A second Adagio, subtitled “Intermezzo”, takes the form of an 8-minute portrait of Grettir smundarson, the most infamous of Iceland’s outlaws, haunted for life by the ghost of Glmur whom he slew. Leifs inspiration for this movement was also through a poem by Matthas Jochumsson which describes Grettir alone in the dark struggling in suspence while waiting for the ghost. The music is appropriately dark, quiet stretches of anticipation mixed with loud sections of fear mixed with frustration and anger, occasionally pouring into outburst.
The final movement is based on the heroic sacrifice of ormur Kolbrnarskld in the battle of Stiklestad in Norway, as recounted in the Fstbrra Saga. As he lay fatally wounded, ormur pulled out the arrow that had pierced his body and composes a poem before he dies. Towards the end, the unmistakably nordic voice of the Scandinavian longhorn, the lur is heard. Evocative, warlike yet booming with the spirit of their culture, the instruments (real ones) resound through the orchestra and the ages with distant power.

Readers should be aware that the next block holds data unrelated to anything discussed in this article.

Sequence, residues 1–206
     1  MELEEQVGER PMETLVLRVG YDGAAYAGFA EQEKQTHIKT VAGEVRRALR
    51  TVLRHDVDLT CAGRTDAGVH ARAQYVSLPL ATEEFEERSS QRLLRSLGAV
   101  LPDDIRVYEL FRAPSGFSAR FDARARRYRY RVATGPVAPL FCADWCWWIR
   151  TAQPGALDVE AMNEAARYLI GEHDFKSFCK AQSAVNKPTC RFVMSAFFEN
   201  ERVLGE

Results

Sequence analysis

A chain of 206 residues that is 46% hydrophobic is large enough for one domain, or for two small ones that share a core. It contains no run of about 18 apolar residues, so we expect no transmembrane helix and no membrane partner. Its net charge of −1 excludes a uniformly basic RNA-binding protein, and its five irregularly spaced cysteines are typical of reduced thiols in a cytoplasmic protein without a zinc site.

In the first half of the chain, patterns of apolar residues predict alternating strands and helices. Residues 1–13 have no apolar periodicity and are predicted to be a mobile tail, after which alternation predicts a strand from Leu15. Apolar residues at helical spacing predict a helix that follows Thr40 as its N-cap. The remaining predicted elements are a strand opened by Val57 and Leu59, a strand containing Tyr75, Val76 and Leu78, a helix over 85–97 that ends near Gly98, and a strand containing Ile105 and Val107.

The ending is breathtakingly unique: the insistent charging rhythms recede into the distance, yet completely retains its epic energy. It is as if the orchestral sounds are being slowly turned off in volume, while one imagines a giant rampage of Vikings hurtling through the snows toward their enemies, relentless, all in slow motion. Their war cries are unheard across the ages, yet ring in the tremendous silence.
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The Official Jón Leifs Website Available in Plain English or Vanilla Fire Icelandic.